To be honest, I hesitate to discuss this topic because it's like shouting into the void at this point. However, Angela Benedict recently posted a video about being a 90s teen goth and the fear of being labeled a poseur. Since we are nearly the same age, I generally tend to agree with her recollections, and it got me thinking about how much things have changed since then. The fear of being considered a fake was a possible embarrassment that kept people from doing and saying stupid things.
It's too bad that some these standards never got passed down into the online community. Perhaps if they had, the Goth Elitism Monster would end it's reign of terror on the internet forevermore.
One of the most basic things I remember about being a baby bat in the mid-90s was to either know what you were talking about or ask first. You didn't want to try to bullshit your way into the local scene. It was too easy to destroy your reputation, especially if others were still getting to know you and witnessing your first baby steps into gothdom.
If someone was all image but no substance, they got called out. Yes, it was embarrassing to have your pronunciation of Cocteau Twins corrected in public. And yes, we got grilled when the more established goths saw us wearing a Siouxsie and the Banshees t-shirt for the first time. It was an awkward rite of passage, but we managed to survive and thrive.
It was important for us baby bats to understand it wasn't just a look. Having knowledge about music and goth lifestyle components meant you were able to explain what being goth meant. Think of it as self-defense from a world who was eagerly waiting to proclaim us as Satan worshippers and pop us full of Prozac.
For better or worse, we didn't have safe spaces and nobody knew what a micro-aggression was. You either learned to fight back or run away. We weren't as sheltered, we had to develop a thick skin. If we couldn't physically fight back, we learned to use or wit and sharp tongue to cut down strangers who made snotty remarks. Some might say we were closer to our punk rock roots in that regard *shrugs*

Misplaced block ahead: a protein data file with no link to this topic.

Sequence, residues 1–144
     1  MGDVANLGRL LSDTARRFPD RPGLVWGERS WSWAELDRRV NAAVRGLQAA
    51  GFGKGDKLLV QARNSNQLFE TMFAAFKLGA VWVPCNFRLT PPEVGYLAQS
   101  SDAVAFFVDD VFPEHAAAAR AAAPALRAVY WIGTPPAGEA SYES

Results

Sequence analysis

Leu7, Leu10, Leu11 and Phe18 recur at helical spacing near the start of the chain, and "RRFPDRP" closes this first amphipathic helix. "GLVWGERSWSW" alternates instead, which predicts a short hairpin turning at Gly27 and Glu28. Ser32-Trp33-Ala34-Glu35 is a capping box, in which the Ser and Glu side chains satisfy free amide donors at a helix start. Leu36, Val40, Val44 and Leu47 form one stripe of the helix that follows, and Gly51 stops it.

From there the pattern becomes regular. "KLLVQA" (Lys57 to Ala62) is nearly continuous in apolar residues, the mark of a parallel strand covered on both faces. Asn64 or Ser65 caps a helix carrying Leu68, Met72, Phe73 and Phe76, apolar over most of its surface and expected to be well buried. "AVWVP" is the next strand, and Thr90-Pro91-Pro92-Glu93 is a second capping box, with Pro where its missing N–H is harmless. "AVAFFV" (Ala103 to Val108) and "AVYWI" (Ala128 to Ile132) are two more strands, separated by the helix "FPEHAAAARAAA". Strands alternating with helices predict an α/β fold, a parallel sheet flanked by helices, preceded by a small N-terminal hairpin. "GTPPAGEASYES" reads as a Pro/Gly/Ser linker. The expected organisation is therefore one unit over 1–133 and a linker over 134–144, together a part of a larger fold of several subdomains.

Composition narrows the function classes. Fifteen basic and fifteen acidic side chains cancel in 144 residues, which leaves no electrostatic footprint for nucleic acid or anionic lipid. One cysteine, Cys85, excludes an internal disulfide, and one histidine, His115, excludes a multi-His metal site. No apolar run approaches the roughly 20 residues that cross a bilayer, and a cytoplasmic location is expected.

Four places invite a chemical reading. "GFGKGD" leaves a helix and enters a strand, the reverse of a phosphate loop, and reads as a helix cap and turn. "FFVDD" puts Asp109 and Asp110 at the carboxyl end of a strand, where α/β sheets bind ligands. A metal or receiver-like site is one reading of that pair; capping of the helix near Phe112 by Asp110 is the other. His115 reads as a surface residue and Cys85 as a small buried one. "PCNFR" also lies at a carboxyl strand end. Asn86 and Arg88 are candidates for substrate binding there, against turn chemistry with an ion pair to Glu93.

Those who came up after us didn't have to be on the defense after The Craft came out or when Columbine incited goth paranoia in every town across the country. A week or two after the massacre, my friends and I went to see a movie. The manager ultimately denied us entry because the boys had long trench coats and refused to take them off as a "safety precaution".
Those of us who happened to be Wiccan and goth? Wearing a pentacle at that time was like an invitation to be harassed by any person who happened to notice it. I'm talking random outbursts from strangers in public on a semi-regular basis. One that always stuck out in my mind is when my friend Shane held the door open for a lady coming out of McDonalds. She noticed his pentacle and makeup then screamed something along the lines of "Stay away from me, you demon spawn!!" After dropping her bag in horror, she then proceed to run across the parking lot. Ahhh, the good old days when it was easy to shock people ;)